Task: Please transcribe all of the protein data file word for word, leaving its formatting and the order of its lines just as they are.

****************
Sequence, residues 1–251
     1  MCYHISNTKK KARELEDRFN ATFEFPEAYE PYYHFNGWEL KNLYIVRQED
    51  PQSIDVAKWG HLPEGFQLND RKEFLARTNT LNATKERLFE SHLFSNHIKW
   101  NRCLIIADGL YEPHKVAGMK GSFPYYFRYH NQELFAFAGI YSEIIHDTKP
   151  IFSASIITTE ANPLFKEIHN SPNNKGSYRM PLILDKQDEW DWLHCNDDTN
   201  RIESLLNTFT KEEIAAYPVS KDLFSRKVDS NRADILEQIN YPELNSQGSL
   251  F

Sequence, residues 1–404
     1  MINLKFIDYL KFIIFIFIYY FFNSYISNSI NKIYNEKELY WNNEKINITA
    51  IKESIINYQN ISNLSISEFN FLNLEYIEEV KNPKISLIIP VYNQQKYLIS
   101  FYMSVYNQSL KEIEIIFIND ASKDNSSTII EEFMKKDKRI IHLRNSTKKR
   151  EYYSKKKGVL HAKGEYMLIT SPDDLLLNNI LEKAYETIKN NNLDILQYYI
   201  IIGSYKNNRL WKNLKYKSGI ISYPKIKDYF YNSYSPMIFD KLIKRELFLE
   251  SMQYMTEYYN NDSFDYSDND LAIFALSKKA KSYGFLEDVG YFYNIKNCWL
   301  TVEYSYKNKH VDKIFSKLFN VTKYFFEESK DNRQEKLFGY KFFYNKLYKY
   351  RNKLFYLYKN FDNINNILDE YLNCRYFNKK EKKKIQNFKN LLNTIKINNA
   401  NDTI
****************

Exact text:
Sequence, residues 1–251
     1  MCYHISNTKK KARELEDRFN ATFEFPEAYE PYYHFNGWEL KNLYIVRQED
    51  PQSIDVAKWG HLPEGFQLND RKEFLARTNT LNATKERLFE SHLFSNHIKW
   101  NRCLIIADGL YEPHKVAGMK GSFPYYFRYH NQELFAFAGI YSEIIHDTKP
   151  IFSASIITTE ANPLFKEIHN SPNNKGSYRM PLILDKQDEW DWLHCNDDTN
   201  RIESLLNTFT KEEIAAYPVS KDLFSRKVDS NRADILEQIN YPELNSQGSL
   251  F

Sequence, residues 1–404
     1  MINLKFIDYL KFIIFIFIYY FFNSYISNSI NKIYNEKELY WNNEKINITA
    51  IKESIINYQN ISNLSISEFN FLNLEYIEEV KNPKISLIIP VYNQQKYLIS
   101  FYMSVYNQSL KEIEIIFIND ASKDNSSTII EEFMKKDKRI IHLRNSTKKR
   151  EYYSKKKGVL HAKGEYMLIT SPDDLLLNNI LEKAYETIKN NNLDILQYYI
   201  IIGSYKNNRL WKNLKYKSGI ISYPKIKDYF YNSYSPMIFD KLIKRELFLE
   251  SMQYMTEYYN NDSFDYSDND LAIFALSKKA KSYGFLEDVG YFYNIKNCWL
   301  TVEYSYKNKH VDKIFSKLFN VTKYFFEESK DNRQEKLFGY KFFYNKLYKY
   351  RNKLFYLYKN FDNINNILDE YLNCRYFNKK EKKKIQNFKN LLNTIKINNA
   401  NDTI